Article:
Henson led TV’s education revolutionWritten by Michael Drew Shaw | | email@example.com
On the evening of September 20, 1948, NBC launched its Midwest TV Network with a gala 3 hour program originating from KSD-TV in St. Louis. Toledo’s WSPD-TV (now WTVG) was part of this six-station conglomerate.
By 1956 WSPD’s programs included Captain Kangaroo, Arthur Godfrey Time, Search for Tomorrow, Art Linkletter’s House Party, the Phil Silvers Show and ten minutes of news and weather at 11:00 p.m. followed by Les Paul & Mary Ford.
In the early, more thoughtful days of broadcasting a lot of attention was given to children’s programming. There was Romper Room, Miss France’s Ding Dong School, The Little Rascals, Soupy Sales and later the Mickey Mouse Club.
PBS now shoulders the responsibility of caring for our kids via television and they do a great job in my opinion. But is it coincidence or just my imagination that when main stream television walked away from its long-time commitment to serve the children in our communities that the moral landscape of our communities also changed?
Kids weren’t showing up at school with assault rifles back in the Howdy Doody days, but hey, maybe it’s just my imagination again telling me there just might be a connection.
In the gentle world of children’s programming, Jim Henson was a warrior who refused to stick with the status quo. Rejected by American television, he syndicated his work via Britain’s ACC group. His innovations connected new technology with the ancient art of puppetry and attracted a weekly audience of 235 million viewers at its peak. But for Henson, it was never about the money.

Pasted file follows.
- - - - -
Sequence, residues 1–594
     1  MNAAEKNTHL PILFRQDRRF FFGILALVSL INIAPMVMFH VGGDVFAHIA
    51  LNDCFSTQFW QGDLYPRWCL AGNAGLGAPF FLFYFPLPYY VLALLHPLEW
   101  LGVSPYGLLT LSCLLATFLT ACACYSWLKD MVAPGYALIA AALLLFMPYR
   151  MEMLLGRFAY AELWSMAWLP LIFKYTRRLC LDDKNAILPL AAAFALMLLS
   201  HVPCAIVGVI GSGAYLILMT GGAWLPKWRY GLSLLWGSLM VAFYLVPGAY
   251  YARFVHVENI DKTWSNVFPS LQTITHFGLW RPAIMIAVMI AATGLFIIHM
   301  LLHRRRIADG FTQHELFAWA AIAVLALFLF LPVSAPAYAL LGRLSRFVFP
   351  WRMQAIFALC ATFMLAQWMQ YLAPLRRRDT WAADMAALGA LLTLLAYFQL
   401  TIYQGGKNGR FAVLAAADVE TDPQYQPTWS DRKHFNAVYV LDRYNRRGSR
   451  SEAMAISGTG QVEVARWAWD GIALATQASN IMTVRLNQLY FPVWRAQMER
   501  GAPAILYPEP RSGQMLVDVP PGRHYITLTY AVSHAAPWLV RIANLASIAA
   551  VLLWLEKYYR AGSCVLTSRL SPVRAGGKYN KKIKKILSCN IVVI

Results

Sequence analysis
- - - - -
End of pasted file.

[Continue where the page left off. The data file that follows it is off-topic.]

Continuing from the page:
The biggest names in show business vied for guest appearances. Stars like Bob Hope, Steve Martin and Rudolf Nureyev who danced Swine Lake with Miss Piggy. U.S. network executives had said The Muppet Show was too-child oriented when they had turned Henson away.
Jim Henson didn’t just thumb his nose at “the system” that rejected his entrepreneurial vision, he chose to pursue value of content over money. And guess what? The money ultimately came to Henson, and rightly so.
In 1923, a small group of the world’s wealthiest and loneliest men gathered at the Edgewater Beach Hotel in Chicago. At the time, they collectively had more cash than the U.S. Treasury. But here’s what eventually happened to them.
Charles M. Schwab, head of America’s largest steel company died broke. Schwab became notorious for his “fast lane” lifestyle including opulent parties, high stakes gambling, and a string of extramarital affairs producing at least one illegitimate child.
The stock market crash of 1929 finished off what years of wanton spending had started. He spent his last years in a small apartment. He could no longer afford the taxes on “Riverside”, the most ambitious private house ever built in New York. It was seized by creditors. He had offered to sell the mansion at a huge loss but there were no takers.
At his death ten years later, Schwab’s holdings in Bethlehem Steel were virtually worthless, and he was over $300,000 in debt.
Also penniless at death’s door was wheat speculator Arthur Cutten. Richard Whitney, president of the New York Stock Exchange turned embezzler died in prison. Jess Livermore, Leon Fraser and Ivar Krueger, all Wall Street barons committed suicide.
The moral? Don’t confuse wealth with happiness. Always make things more enduring than money your first priority. Be a Jim Henson.
Listen to Limelight America on Fox Sports Radio 1230 WCWA, Wednesday, Thursday and Friday 5-6 pm and online at www.limelightamerica.com. You can e-mail Michael Drew Shaw at firstname.lastname@example.org.